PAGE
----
“In 2010, the Republican preparation met opportunity and they used their advantage to draw themselves a decade-long electoral advantage. We as Democrats in 2020 have an opportunity to even the scales,” Post said. “It’s the game, and it will set up an improved congressional map.”
This year, with President Trump’s job approval rating mired in the mid-40s and Democratic voters enthusiastic about turning out to vote, the shoe is on the other foot.
{mossecondads}“The Democrats have a real opportunity to get back some of what was lost in 2010 and 2014. There’s really no scenario in which they get everything back on the state level. But they will have seats at the table in redistricting that they didn’t have in 2010 and the potential to gain more in subsequent cycles,” Jankowski said. 
But he added Trump will help in some states, especially where voters who backed the president in 2016 stayed home in 2018.
“The Trump effect is actually going to be positive in some areas, whereas it’s been entirely negative in ’17, ’18 and probably ’19. The Trump voter will come out in some of these Southern states,” he said.
The next test of the public’s mood, and the first real battleground of the 2020 redistricting process, comes this year in November, when voters in Virginia pick their legislators. New court-ordered lines make Democrats the favorites to reclaim control of the state House of Delegates, where they need two seats for a majority, and the state Senate, where they need just one seat.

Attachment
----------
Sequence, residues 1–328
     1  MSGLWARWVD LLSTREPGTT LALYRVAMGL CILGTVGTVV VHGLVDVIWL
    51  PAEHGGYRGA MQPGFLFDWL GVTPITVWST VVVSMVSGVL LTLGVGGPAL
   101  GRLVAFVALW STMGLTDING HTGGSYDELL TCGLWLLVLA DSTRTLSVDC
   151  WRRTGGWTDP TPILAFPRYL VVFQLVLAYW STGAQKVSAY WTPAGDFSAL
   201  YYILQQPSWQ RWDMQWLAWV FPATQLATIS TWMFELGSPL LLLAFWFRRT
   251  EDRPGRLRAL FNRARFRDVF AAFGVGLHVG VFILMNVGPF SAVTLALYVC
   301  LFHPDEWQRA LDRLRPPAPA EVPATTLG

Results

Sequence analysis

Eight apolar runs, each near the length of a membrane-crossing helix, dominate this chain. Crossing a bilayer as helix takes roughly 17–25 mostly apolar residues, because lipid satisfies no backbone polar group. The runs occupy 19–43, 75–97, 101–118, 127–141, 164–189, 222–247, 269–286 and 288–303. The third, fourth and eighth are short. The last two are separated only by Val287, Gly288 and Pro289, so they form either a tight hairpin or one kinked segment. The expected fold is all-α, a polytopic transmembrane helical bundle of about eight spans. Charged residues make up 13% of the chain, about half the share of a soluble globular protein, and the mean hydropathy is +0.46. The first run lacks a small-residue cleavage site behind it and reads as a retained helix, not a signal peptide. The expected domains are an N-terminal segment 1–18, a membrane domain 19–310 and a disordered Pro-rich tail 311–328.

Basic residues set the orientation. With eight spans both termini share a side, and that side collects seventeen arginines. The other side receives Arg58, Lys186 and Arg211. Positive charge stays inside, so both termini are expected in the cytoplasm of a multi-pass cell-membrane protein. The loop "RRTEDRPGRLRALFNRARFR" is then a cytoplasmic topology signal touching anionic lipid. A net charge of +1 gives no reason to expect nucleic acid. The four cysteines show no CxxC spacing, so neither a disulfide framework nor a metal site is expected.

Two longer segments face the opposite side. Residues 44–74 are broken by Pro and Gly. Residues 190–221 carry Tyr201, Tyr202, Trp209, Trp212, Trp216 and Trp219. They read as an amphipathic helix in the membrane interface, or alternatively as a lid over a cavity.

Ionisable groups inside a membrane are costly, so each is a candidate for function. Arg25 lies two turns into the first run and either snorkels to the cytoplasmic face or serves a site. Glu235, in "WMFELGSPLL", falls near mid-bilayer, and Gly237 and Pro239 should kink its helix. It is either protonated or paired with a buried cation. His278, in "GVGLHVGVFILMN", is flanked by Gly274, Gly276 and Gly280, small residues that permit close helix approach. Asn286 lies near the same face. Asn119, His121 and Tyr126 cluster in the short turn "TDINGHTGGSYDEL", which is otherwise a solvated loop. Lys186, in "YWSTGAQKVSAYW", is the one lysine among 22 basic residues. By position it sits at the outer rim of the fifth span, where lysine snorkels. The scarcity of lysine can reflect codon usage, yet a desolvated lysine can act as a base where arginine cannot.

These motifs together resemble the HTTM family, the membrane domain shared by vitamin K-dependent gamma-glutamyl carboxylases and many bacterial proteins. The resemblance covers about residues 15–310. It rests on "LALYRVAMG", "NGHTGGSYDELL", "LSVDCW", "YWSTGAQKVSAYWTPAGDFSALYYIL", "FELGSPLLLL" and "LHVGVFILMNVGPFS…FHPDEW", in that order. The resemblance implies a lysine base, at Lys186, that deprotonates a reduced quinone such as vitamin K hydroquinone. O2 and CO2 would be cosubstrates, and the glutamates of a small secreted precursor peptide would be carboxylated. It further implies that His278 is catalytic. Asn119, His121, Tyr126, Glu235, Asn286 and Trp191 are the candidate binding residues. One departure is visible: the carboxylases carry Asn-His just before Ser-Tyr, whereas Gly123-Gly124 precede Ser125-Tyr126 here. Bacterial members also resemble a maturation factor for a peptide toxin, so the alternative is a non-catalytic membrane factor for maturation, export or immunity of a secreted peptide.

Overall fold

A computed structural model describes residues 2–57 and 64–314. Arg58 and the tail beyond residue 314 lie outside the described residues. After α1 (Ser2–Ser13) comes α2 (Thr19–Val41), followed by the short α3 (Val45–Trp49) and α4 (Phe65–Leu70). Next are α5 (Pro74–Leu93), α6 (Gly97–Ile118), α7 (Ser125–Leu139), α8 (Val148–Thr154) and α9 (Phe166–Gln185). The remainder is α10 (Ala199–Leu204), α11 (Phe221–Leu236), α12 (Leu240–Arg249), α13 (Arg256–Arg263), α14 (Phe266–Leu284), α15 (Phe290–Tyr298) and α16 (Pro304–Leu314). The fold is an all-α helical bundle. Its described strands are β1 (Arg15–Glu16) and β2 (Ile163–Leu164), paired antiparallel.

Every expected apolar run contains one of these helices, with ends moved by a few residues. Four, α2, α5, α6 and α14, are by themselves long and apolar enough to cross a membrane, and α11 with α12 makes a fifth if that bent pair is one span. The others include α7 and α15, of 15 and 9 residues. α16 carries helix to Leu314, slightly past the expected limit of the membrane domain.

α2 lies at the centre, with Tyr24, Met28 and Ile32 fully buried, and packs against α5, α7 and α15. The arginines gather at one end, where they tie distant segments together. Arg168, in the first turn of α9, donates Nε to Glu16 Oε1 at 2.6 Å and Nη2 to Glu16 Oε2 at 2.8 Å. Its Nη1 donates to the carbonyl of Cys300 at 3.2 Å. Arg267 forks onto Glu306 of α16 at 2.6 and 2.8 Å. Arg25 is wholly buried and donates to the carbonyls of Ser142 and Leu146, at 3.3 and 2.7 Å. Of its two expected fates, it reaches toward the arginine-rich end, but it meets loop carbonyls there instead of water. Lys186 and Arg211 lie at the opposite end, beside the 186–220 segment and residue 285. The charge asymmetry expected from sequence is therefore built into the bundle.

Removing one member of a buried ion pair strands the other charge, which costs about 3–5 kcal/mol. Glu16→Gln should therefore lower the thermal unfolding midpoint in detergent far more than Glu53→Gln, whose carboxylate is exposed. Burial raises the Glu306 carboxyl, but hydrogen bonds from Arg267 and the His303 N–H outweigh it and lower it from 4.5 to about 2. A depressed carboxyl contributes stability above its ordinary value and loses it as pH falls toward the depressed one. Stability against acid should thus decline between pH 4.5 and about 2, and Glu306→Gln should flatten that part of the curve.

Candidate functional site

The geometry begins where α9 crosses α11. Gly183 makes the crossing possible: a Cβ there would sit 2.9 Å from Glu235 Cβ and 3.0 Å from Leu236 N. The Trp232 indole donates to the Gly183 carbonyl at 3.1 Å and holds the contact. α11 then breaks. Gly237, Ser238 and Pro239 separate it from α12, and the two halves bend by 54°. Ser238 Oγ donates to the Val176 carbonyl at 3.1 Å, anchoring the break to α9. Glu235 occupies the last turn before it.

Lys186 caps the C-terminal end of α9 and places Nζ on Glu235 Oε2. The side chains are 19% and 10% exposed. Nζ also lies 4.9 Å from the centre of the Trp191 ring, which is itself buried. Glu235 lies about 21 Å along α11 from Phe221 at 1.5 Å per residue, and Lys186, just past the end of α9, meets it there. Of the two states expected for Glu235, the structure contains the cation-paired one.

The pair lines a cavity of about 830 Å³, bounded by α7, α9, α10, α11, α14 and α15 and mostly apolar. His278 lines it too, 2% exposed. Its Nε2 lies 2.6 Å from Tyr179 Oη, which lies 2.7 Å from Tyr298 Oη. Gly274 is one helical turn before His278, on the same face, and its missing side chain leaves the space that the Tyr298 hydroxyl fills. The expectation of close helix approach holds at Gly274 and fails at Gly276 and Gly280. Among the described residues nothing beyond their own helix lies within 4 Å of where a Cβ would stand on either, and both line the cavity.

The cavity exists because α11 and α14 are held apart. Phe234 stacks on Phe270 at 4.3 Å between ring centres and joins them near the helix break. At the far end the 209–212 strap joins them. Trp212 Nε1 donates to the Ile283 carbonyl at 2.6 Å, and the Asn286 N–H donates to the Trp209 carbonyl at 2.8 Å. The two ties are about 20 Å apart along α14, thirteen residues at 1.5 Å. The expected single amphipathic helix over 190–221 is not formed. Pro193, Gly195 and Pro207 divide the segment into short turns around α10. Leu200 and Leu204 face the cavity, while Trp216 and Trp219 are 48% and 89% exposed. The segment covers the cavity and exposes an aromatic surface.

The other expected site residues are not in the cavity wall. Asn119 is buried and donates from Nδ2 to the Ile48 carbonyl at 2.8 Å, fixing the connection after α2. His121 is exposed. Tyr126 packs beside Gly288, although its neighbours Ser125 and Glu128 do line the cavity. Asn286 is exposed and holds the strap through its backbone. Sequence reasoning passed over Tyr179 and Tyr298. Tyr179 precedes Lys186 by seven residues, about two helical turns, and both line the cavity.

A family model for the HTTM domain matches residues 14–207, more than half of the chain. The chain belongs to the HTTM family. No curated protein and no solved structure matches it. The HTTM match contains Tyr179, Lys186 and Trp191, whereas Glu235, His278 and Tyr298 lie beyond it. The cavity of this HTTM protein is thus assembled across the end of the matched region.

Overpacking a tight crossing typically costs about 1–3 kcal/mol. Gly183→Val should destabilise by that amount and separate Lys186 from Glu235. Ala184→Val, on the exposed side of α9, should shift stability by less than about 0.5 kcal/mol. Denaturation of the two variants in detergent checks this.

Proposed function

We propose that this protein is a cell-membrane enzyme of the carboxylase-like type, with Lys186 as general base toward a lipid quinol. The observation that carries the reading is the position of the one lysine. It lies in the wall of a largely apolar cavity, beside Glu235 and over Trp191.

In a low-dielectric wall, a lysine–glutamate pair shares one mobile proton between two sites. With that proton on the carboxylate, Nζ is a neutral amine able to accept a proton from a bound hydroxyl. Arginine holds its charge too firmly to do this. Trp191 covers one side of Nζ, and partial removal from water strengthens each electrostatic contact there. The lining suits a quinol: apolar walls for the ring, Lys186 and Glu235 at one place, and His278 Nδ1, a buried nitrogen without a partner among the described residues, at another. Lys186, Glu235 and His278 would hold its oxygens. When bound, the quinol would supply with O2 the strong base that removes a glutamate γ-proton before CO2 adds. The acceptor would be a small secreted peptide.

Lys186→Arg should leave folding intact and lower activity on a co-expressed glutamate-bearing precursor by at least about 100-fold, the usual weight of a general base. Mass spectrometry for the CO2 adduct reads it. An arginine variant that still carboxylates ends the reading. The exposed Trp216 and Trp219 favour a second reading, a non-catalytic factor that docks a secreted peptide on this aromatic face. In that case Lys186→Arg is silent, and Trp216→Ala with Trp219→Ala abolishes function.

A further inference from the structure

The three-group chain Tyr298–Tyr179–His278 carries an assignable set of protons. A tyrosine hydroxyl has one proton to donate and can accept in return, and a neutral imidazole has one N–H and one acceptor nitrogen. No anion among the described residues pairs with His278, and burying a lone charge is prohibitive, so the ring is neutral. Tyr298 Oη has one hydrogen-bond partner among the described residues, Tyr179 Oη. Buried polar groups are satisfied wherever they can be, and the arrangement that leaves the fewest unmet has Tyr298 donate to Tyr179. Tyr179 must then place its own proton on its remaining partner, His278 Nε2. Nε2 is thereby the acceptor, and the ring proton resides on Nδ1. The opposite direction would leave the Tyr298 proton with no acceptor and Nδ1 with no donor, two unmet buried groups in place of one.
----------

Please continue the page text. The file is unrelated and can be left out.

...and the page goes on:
Democrats hold seven of 11 of Virginia’s seats in Congress. With complete control of the legislature, the party could draw their own maps that protect the three Democratic incumbents who ousted Republicans in the 2018 midterms. Their ability to win the legislature hinges on whether they can maintain the high levels of energy among voters who handed them those seats last year.
“The wave of ’18 was not a fluke. The wave of ’18 hasn’t subsided, it hasn’t decreased,” Dietrich said. “Focusing on the local level is important if we don’t want to be facing the same challenges we are now 10 years from now.”
Both Democrats and Republicans are keenly aware of what’s at play next year. At a recent conference of state legislators, Storey said the halls were abuzz over elections that are still more than a year away.
“There is tremendous amount of anticipation in terms of this election,” Storey said. Legislators “are as ready and in campaign mode as they’ve ever been this far out.”